Woodlands occupy a special place in the hearts of many; they seem to make a direct connection with our emotions, without going through our centers of higher reasoning, almost! It is difficult not to be moved by the crunch of leaf litter and dry twigs as you tread slowly through them, or the brave chittering of a wren as you enter THEIR territory along with the slow, steady humming of bees at the height of summer. Woods are also at the very core of great literature, too - the name Mirkwood is used to refer to two areas in the books of J.R.R. Tolkein; the Great Wood - 'Puck of Pook's Hill' by Rudyard Kipling; Sherwood Forest - 'Ivanhoe' by Sir Walter Scott; and my childhood favourite, the Wild Wood - 'Wind in the Willows' by another famous Scot, Kenneth Grahame.

Woods have the power to soothe and heal, which is why I seek them out as often as I can. It is fortunate that there are plenty of others with the same thoughts as I, and there are many charitable bodies around the world dedicated the survival of woodlands. In the U.K., I particularly admire the work of the Woodland Trust.


This area of woodland is near the city of Durham (and near part of my family), in the north of England, and consists of mixed deciduous species, with the European Beech (Fagus sylvatica) predominating.

The ground cover is fairly diverse, but in spring - before the woodland canopy closes - it is carpeted with Common Bluebells (Hyacinthoides non-scripta). Although the Common Bluebell was, well, common when I was young (half the Bluebell woods in the world are in Britain), the status of this bulbous plant has changed somewhat. Their beautiful inflourescences still indicate an area of 'ancient woodland' (before 1600 in England & Wales, or 1750 in Scotland), but hybridisation with the introduced Spanish Bluebell (Hyacinthoides hispanica) has meant that this stronger hybrid strain (H. massartinia) has taken over in some locations. Since the Spanish species produces less scent, you lose the heady perfume of a typical bluebell wood in full bloom. In order to protect this quintessentially British landscape, it has been necessary to enact legislation, and since 1981, under the Wildlife and Countryside Act (and a further prohibition to trade in bulbs and plants enacted in 1998) it is offence to remove these lovely flowers from their native habitat; the fine for taking these plants can reach up to £5000 for EACH bulb!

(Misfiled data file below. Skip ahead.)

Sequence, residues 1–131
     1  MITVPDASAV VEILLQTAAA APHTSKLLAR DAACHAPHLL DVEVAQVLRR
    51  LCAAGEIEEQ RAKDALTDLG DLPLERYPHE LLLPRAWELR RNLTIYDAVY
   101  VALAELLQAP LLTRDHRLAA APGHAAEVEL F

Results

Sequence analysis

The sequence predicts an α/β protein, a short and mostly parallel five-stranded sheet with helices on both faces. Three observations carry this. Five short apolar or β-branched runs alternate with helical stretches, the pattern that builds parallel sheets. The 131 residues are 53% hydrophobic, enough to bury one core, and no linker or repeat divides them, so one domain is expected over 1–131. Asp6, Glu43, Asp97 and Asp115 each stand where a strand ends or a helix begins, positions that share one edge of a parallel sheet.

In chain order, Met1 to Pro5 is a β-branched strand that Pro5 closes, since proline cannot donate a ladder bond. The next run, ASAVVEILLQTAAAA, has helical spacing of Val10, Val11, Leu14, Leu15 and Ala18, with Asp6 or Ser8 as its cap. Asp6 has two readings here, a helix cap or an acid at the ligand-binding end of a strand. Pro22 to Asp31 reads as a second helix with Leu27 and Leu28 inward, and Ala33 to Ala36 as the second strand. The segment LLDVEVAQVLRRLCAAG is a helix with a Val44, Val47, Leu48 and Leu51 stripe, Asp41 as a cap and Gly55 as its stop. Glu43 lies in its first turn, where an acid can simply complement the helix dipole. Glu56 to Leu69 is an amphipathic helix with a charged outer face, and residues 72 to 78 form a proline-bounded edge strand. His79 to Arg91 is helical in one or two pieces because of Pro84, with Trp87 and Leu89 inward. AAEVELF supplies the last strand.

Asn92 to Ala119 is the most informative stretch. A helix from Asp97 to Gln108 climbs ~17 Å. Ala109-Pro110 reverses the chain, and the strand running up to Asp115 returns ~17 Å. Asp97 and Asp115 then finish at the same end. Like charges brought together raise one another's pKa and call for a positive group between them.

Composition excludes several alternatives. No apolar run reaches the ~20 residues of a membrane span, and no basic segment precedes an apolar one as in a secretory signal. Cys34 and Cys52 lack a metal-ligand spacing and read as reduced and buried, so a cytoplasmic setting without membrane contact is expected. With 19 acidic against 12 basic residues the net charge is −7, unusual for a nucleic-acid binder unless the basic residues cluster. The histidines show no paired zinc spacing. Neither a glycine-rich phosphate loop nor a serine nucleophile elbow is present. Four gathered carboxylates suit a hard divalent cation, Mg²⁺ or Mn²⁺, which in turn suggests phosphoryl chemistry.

Rather strangely, bluebells don’t have to be blue. There is a very attractive, naturally occuring, white varient and these ‘whitebells’ can be seen mixed in amongst the drifts of flowers in many bluebell woods.

One further point, when I was young, my Mother decided that rather than spend so much time wandering around the woods which surrounded our village, I should learn to play the piano. One of the first melodies I tentatively picked out was, 'The Bluebells of Scotland' ('He dwells in merry Scotland where the blue bells sweetly smell...'). I remember that I complained to my Mother that the artist had painted the bluebells on the sheet music all wrong - they just weren't that shape or size. She explained that these were what we called Harebells (Campanula rotundifolia), and that those flowers were called Bluebells in Scotland!

Despite the fact that many of the Victorian Romantic poets, such as Keats, had the opinion that the Bluebell symbolised loneliness and regret, they manage to lift my mood. Whenever you can, visit the woods; they will heal you more than you can know...



Originally posted to shortfinals on Wed Apr 24, 2013 at 06:57 PM PDT.

Also republished by SciTech and Community Spotlight.

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